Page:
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Relative Risk Reduction vs Absolute Risk Reduction

Posted Aug 01 2011 8:30am
Like most pre-med students, I was not a big fan of statistics.  Sure, there was a time I could tell you about all the mathematical nuances of Major League Baseball, such as on-base average or slugging percentage, but that was way back during the days of Catfish Hunter , Rollie Fingers & Campy Campaneris .  But dry numbers?  Yuck, at least for me.  However, my lack of attention to statistics has come back to bite me (and most likely, a large proportion of my colleagues in the trenches) as pharmaceutical representatives deluge us daily w/new studies reporting tremendous relative risk reductions in disease-oriented evidence (rather than absolute risk reductions in patient-oriented outcomes that matter).

Case in point:  a re-analysis of the Justification for the Use of Statins in Prevention: an Intervention Trial Evaluating Rosuvastatin (JUPITER - the cardiologists have the best acronyms for their studies) was published in the Journal of the American College of Cardiology demonstrating anywhere from 44% relative risk reduction in cardiovascular events in anyone randomized to rosuvastatin compared to placebo up to 65% reduction in those who achieved LDL <50mg/dL. 

Impressive right?  Especially considering the short duration of the study, just an average of 2 years for the 17,802 individuals w/o cardiovascular (CV) disease and diabetes but w/CRP >2mg/L and LDL <130mg/dL.  In those randomized to placebo, the authors reported 1.18 CV events per 100 person-years, while in those who received rosuvastatin, the authors reported 0.86 CV events per 100 person-years in those who achieved LDL >50mg/dL and 0.44 CV events per 100 person-years in those who achieved LDL <50mg/dL.  Therefore, we should be putting this in the water, right?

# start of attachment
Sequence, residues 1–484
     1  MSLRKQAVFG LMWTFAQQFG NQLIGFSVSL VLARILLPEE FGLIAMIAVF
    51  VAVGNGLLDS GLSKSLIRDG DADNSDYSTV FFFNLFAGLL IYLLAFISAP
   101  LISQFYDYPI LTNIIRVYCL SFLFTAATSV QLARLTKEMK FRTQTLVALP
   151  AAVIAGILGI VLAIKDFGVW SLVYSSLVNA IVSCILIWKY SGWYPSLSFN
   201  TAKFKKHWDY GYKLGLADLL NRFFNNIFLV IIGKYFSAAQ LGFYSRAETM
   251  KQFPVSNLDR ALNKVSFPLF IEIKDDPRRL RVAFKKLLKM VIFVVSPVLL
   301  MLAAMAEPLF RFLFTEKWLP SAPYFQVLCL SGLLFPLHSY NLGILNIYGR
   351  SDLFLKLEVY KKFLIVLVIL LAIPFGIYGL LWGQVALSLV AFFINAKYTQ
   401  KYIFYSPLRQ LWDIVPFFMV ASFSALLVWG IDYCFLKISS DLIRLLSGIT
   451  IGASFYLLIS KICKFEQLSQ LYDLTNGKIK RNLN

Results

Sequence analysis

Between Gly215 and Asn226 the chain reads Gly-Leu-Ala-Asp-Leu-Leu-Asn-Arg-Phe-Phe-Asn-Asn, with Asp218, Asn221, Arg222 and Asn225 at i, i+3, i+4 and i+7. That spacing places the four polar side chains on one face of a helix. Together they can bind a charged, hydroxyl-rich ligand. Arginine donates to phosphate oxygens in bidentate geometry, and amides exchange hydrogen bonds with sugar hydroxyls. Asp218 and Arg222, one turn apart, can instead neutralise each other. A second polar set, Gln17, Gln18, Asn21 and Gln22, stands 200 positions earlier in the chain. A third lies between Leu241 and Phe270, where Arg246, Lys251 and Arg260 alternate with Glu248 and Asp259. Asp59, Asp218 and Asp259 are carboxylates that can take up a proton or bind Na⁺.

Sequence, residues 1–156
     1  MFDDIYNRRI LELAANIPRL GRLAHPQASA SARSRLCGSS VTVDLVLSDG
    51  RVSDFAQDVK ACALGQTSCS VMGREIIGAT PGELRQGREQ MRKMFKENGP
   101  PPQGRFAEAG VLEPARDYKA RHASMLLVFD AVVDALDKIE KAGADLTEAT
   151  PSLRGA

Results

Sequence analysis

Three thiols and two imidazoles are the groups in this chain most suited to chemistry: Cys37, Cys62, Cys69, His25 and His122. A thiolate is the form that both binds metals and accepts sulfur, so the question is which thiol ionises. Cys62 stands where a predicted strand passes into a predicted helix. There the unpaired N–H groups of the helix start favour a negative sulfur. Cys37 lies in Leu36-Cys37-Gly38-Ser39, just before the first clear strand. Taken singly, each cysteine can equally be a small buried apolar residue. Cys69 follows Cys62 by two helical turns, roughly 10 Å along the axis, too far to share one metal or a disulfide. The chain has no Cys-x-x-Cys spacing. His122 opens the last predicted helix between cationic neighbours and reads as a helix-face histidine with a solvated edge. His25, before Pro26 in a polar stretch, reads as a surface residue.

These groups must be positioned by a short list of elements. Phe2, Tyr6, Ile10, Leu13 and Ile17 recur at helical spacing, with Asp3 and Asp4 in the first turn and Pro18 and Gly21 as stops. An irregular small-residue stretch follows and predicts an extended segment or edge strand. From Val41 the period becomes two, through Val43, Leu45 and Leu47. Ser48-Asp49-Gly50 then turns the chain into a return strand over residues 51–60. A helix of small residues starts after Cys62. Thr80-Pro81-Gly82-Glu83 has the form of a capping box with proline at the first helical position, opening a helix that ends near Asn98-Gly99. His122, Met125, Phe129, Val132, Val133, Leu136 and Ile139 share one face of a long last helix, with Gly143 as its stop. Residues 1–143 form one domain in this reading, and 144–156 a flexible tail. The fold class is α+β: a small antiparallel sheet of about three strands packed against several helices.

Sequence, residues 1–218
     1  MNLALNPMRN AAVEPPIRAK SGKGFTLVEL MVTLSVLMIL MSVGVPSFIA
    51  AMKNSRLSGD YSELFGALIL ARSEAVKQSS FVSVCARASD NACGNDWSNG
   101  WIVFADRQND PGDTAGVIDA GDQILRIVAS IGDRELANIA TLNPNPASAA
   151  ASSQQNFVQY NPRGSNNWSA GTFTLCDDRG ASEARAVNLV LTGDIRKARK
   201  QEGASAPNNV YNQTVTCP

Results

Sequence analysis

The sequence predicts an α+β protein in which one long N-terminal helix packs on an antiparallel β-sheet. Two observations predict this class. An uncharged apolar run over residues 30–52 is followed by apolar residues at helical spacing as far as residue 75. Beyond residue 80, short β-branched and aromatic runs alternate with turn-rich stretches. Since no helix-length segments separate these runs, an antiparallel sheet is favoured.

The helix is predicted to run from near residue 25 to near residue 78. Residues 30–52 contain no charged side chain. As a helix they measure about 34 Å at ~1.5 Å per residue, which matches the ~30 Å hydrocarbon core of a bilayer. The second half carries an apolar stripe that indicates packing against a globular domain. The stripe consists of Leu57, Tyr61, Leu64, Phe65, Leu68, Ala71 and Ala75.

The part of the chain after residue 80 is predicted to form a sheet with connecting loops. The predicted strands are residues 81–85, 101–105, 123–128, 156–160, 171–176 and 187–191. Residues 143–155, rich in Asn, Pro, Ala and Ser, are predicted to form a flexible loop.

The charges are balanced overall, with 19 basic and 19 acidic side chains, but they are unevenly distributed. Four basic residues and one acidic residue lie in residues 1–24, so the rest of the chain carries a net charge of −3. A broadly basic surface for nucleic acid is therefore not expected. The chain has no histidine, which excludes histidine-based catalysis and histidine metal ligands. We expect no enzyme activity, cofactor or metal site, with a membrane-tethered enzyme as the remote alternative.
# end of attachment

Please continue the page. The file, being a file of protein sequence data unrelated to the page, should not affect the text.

But look more closely at the units - per 100 person-years.  In other words, if you followed 100 persons for one year, just more than 1 would have a cardiovascular event.  To be more precise, you'd need to follow 10,000 individuals for a year to observe 118 CV events (or 1,000 individuals for 10 years or 100 individuals for 100 years).

Likewise, you'd have to follow 100 persons on rosuvastatin for one year w/LDL >50mg/dL in order to observe less than one CV event.  Or more precisely, you'd need to follow 10,000 individuals for a year to observe 86 CV events (or 1,000 individuals for 10 years or 100 individuals for 100 years).

Same idea for those individuals on rosuvastatin who achieved LDL <50mg/dL.  Sure, the relative risk reduction (RRR) is impressive.  (1.18-0.86)/1.18 = 27% RRR and (1.18-0.44)/1.18 = 63% RRR, respectively depending upon LDL achieved.  This is what we're told.  Just look at that tremendous improvement!

But think about how many people you'd need to treat in order to get those outcomes.  Number needed to treat (NNT) is the reciprocal of the absolute risk reduction.  So NNT = 1/(0.0118-0.0086) = 312.5.  In other words, you'd need to treat 312 individuals to prevent 1 cardiovascular event per year.  Smaller NNTs are better; larger NNTs are worse since you'd have to treat more patients to get benefit.  And given the cost of branded rosuvastatin (which isn't available as a generic), that's a large slice of the healthcare pie going to towards just one disease.

Granted, this is how those in power (read insurance companies & Big Pharma) tend to think - bottom line dollars.  You can decide with your own dollars whether or not it makes sense to spend your own money this way.  Or perhaps it's better to invest your own hard-earned dollars in better food choices and some daily physical activity.  I'm not suggesting that we throw away all statins.  However, I do recommend that we think twice before falling for the glossy ads hook, line & sinker.  By the way, you have one guess as to who paid for this study (and no, it wasn't the government).


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